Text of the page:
Over Bread 
Blessed are you, O Lord our God, Ruler of the universe. You bring forth bread from the earth; and you have fed us on our way with the bread of life in the Body of your Son Jesus Christ. Let us be fed again soon with that bread of life. And as grain scattered upon the earth is gathered into one loaf, so gather your Church in every place into the kingdom of your Son. To you be glory and power for ever and ever. Amen.

Over the Other Foods 
Blessed are you, O Lord our God, Ruler of the universe. You have blessed the earth to bring forth food to satisfy our hunger. Let this food strengthen us in the fast that is before us, that following our Savior in the way of the cross, we may come to the joy of his resurrection. For yours is the kingdom and the power and the glory, now and for ever. Amen.

+ The Meal +
The meal is now eaten. If several are gathered, they first serve one another, then dine. The last supper was an opportunity for Jesus to share a meal with his friends, the disciples. In this time of quarantining and self-isolation, we still live in community. Call, FaceTime, or Zoom with one or more friends, relatives, or friends from church. Just say hello, ask how they are doing, and tell them why you are calling (sharing an agape meal).



+ The Lessons and the Foot Washing+
After completing the Agapé meal that focuses on Jesus’ gift of love, we continue by washing each other’s feet, remembering Jesus washing the feet of his disciples and his self-giving servanthood. The following reading may be read before the foot washing.


John 13:2-17
During supper Jesus, knowing that the Father had given all things into his hands, and that he had come from God and was going to God, got up from the table, took off his outer robe, and tied a towel around himself. Then he poured water into a basin and began to wash the disciples' feet and to wipe them with the towel that was tied around him. He came to Simon Peter, who said to him, "Lord, are you going to wash my feet?" Jesus answered, "You do not know now what I am doing, but later you will understand." Peter said to him, "You will never wash my feet." Jesus answered, "Unless I wash you, you have no share with me." Simon Peter said to him, "Lord, not my feet only but also my hands and my head!" Jesus said to him, "One who has bathed does not need to wash, except for the feet, but is entirely clean. And you are clean, though not all of you." For he knew who was to betray him; for this reason he said, "Not all of you are clean."  After he had washed their feet, had put on his robe, and had returned to the table, he said to them, "Do you know what I have done to you? You call me Teacher and Lord--and you are right, for that is what I am. So if I, your Lord and Teacher, have washed your feet, you also ought to wash one another's feet. For I have set you an example, that you also should do as I have done to you. Very truly, I tell you, servants are not greater than their master, nor are messengers greater than the one who sent them. If you know these things, you are blessed if you do them.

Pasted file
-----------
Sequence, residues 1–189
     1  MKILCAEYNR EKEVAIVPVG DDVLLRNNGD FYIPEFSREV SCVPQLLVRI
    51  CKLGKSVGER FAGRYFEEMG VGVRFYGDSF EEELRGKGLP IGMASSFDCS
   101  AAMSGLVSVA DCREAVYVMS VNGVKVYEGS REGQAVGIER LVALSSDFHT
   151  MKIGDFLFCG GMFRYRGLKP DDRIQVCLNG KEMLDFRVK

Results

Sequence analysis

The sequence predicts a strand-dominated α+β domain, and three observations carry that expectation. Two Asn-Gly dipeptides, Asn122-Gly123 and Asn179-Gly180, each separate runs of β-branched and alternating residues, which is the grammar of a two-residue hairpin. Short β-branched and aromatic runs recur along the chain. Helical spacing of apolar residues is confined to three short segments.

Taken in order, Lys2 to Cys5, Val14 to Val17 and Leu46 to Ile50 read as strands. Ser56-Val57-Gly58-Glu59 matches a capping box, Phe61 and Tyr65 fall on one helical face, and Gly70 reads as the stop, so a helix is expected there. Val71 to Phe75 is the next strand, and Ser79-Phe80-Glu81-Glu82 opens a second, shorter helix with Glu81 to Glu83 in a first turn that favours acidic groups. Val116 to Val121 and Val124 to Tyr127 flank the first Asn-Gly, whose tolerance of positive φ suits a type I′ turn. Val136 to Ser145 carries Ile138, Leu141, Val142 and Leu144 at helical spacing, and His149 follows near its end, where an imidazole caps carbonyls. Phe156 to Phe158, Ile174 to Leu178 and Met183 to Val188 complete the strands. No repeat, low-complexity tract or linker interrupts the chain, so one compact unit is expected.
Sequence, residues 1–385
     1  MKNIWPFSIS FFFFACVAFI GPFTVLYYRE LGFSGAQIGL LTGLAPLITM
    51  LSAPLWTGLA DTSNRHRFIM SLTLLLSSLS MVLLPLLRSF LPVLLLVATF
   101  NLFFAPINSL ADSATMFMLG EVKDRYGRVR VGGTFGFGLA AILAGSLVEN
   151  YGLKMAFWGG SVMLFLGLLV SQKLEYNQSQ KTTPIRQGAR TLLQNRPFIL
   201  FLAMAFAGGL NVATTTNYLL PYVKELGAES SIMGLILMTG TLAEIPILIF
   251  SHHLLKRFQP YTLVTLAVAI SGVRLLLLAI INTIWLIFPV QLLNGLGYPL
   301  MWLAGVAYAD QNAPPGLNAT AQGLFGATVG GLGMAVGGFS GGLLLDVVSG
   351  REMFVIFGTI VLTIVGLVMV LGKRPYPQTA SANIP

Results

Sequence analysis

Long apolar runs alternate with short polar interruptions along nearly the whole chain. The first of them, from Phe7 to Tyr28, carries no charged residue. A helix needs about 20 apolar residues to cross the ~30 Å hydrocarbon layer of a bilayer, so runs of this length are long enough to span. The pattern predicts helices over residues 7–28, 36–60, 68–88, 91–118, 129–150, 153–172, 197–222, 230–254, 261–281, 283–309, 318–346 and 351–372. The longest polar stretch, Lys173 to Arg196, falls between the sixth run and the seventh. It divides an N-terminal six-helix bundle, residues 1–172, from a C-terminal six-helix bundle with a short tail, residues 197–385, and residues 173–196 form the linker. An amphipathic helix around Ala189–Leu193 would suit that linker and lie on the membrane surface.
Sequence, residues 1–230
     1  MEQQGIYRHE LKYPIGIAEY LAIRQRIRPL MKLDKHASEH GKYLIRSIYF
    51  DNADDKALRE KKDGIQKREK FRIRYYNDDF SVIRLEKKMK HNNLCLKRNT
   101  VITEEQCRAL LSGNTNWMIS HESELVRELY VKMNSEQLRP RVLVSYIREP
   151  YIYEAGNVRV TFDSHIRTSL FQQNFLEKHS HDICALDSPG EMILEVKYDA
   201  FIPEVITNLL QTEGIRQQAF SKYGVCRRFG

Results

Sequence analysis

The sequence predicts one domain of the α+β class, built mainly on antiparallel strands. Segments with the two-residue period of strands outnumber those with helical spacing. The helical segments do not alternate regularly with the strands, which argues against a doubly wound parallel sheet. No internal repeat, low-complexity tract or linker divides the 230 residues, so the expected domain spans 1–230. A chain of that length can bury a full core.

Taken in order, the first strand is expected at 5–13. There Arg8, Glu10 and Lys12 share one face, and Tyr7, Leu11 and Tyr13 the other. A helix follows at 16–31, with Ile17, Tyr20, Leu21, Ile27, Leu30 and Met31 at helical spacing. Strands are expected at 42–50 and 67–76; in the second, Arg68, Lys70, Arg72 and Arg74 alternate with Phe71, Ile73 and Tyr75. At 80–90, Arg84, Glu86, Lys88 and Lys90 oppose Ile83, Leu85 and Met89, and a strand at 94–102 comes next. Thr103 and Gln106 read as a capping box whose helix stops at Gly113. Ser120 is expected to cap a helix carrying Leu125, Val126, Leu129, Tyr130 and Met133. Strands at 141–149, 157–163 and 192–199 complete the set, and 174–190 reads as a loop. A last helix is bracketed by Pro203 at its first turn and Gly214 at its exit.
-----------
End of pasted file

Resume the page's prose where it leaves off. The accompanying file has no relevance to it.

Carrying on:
If you are single, it is appropriate to wash your own feet.  Groups may wash each other’s feet.  Afterwards the following is read.


Jesus Prays for His Disciples – John 17:20-26
After Jesus had spoken these words, he looked up to heaven and said, “I ask not only on behalf of these, but also on behalf of those who will believe in me through their word, that they may all be one. As you, Father, are in me and I am in you, may they also be in us, so that the world may believe that you have sent me. The glory that you have given me I have given them, so that they may be one, as we are one, I in them and you in me, that they may become completely one, so that the world may know that you have sent me and have loved them even as you have loved me. Father, I desire that those also, whom you have given me, may be with me where I am, to see my glory, which you have given me because you loved me before the foundation of the world. Righteous Father, the world does not know you, but I know you; and these know that you have sent me. I made your name known to them, and I will make it known, so that the love with which you have loved me may be in them, and I in them.”